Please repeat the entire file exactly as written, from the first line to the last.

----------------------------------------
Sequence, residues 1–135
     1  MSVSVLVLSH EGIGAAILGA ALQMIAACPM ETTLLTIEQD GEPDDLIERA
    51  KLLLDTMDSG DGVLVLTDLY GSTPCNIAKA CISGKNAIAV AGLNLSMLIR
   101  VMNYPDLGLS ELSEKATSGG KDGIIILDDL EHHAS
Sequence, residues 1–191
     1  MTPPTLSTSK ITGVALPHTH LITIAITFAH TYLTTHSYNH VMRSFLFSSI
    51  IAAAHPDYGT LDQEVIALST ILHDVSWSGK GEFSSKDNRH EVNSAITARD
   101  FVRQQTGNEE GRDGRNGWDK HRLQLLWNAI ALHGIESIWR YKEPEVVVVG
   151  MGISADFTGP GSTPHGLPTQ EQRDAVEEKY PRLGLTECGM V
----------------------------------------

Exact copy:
Sequence, residues 1–135
     1  MSVSVLVLSH EGIGAAILGA ALQMIAACPM ETTLLTIEQD GEPDDLIERA
    51  KLLLDTMDSG DGVLVLTDLY GSTPCNIAKA CISGKNAIAV AGLNLSMLIR
   101  VMNYPDLGLS ELSEKATSGG KDGIIILDDL EHHAS
Sequence, residues 1–191
     1  MTPPTLSTSK ITGVALPHTH LITIAITFAH TYLTTHSYNH VMRSFLFSSI
    51  IAAAHPDYGT LDQEVIALST ILHDVSWSGK GEFSSKDNRH EVNSAITARD
   101  FVRQQTGNEE GRDGRNGWDK HRLQLLWNAI ALHGIESIWR YKEPEVVVVG
   151  MGISADFTGP GSTPHGLPTQ EQRDAVEEKY PRLGLTECGM V